Thought leadership

News - 17 November 2022

Offshore Wind

As coal plants are scheduled to retire, the potential to fill generation gaps with new energy sources is top of mind, so where does offshore wind fit in?

Emerging energy sources like green hydrogen and offshore wind have enlivened discussions on energy markets in the media and prompted endless conversations amongst colleagues in the industry.

A potential declaration of Gippsland as the first region open for offshore wind development is the latest in a string of headlines that could lead one to believe offshore wind is the Australian energy transition’s silver bullet. While seasoned veterans of the industry could tell you there is no such thing, and despite some loud opposing voices, the incipient offshore wind industry signals the dawn of a new chapter in renewable energy development.

Australia’s most progressed offshore wind project, the Star of the South is located in the Bass Strait, a prime position with strong winds and sea heights of under 70 metres. Project developer Oceanex says they have been working for over ten years to establish the Australian industry. After ten years, the Star of the South is still in classed as ‘proposed’, however it is the expected to be the first offshore wind project to achieve generation.

The nascent industry faces a remarkable amount of work in establishing a strong legal and regulatory framework.  The National Offshore Petroleum Safety and Environmental Management Authority (NOPSEA) is grappling with the task of overseeing offshore wind development in Australia by assessing applications and granting feasibility licenses, which give exclusive rights to developers for 7 years. Shared enabling infrastructure, such as undersea energy networks that would benefit several operators, are still emerging concepts.

The rest of the development landscape is progressing, however there are clear challenges for the industry. The increase in electricity prices puts significant pressure on the Federal Government, and the renewable energy industry as whole. Despite this Victoria’s recent announcement of a 2.5 GW target for offshore wind generation by 2030, backed up by the Federal Government pledging $1.5 billion to fast-track offshore wind projects and renewable energy zones (REZs)in the state are encouraging signals to investors.

Lumea’s Chief Executive Officer, Richard Lowe said “If we look to international markets, we can find helpful lessons in how to overcome the challenges Australia is facing. Germany has just announced a new 70 GW offshore wind target, and have designated certain marine areas, environmental requirements, interim targets and more.”

“Lumea is actively engaging with and exploring responses to market needs in order to support the maturation of Australian offshore wind development. Australia has a great opportunity, with our rich natural resources and significant industry power, to cultivate an abundant environment for investment,” he said.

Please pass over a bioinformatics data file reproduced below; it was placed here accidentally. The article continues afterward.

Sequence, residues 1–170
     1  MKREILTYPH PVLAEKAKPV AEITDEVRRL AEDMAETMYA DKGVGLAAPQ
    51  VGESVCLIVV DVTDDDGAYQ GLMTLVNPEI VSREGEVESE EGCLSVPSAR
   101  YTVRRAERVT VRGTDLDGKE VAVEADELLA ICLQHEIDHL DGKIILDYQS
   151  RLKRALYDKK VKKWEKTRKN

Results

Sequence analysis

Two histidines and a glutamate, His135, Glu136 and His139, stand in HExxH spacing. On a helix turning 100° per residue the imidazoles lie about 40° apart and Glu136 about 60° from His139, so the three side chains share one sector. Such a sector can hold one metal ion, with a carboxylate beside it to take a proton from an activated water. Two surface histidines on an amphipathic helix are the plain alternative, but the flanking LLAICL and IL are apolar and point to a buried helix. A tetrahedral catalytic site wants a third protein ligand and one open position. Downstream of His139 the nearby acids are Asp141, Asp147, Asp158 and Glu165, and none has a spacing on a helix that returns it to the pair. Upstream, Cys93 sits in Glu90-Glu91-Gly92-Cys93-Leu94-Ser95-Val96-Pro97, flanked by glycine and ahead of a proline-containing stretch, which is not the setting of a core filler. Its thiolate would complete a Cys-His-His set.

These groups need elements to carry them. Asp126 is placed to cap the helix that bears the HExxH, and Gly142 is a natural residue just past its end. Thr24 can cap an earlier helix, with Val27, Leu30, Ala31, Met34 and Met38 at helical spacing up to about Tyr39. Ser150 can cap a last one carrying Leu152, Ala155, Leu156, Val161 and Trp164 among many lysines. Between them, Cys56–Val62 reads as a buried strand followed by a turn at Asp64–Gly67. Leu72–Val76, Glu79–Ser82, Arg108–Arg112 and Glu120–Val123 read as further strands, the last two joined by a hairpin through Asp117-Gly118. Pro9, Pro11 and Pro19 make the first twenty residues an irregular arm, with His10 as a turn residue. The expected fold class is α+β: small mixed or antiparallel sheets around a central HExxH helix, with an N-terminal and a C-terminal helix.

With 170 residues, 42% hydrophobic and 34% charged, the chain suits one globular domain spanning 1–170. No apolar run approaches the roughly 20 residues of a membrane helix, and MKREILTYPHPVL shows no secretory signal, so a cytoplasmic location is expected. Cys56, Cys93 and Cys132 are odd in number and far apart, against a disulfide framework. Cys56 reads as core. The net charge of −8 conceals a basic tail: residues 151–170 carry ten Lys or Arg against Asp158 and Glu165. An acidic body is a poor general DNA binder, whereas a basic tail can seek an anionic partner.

Despite movement in the government sphere, Victoria remains the only state to commit to an offshore wind target. Developers face barriers such as commodity prices and global supply chain issues, as well as the lack of certainty in the policy settings, including how many licenses will be granted, and how much support there will be. Project costs are important to consider, the CSIRO estimates that it could cost as much as double the amount to generate electricity offshore, rather than onshore, when construction costs are factored in.

The industry is calling out for a coordinated approach to develop the legal and regulatory frameworks that attract investment and secure the development of credible technical and operational capabilities necessary for the sector to be internationally competitive.

Despite the challenges, development is irrevocably accelerating. The Australian Federal Government is working to establish Gippsland as a designated region, as well as to update rules; in early November, draft regulations were published after industry and community consultations. Notably, they confirm the acreage for feasibility licenses to be 700km², enabling greater certainty for developer to conduct detailed design work. While costs are an issue, it's important to note the remarkable decline in offshore wind construction and running costs in more developed international markets.

The Government have also agreed to make $1.5 bn in funding available to REZ projects in Victoria, including offshore wind projects. Japanese energy behemoth, the Tokyo Electric Power Company (Tepco), Japan’s largest energy utility, has staked their claim in the Australian offshore wind market marking their first foray into the overseas offshore wind landscape. In October, Ørsted, the world’s largest offshore wind company confirmed plans to invest in Australian projects. The recent growing momentum is clear, and Australia is on a path to net zero that unequivocally includes offshore wind.

In the US and the UK, which are both leaders in offshore wind development, there are changes occurring to the way projects connect to the transmission network. The UK’s energy regulator is looking at issuing licenses to offshore network operators to share infrastructure and reduce costs in transmission connections, which is a key consideration for the whole industry here in Australia.

Expanding on Lumea’s view on offshore wind, CEO Richard Lowe said “With our unparalleled experience in connections for the NEM, and a wide portfolio of large scale electricity infrastructure projects, Lumea is capable of expanding innovative service offerings to include offshore wind related services. We know it’s important to get this right, so that’s why we are exploring the potential of how shared infrastructure assets, such as shared undersea networks could significantly benefit offshore wind market development in Australia, as it is overseas.”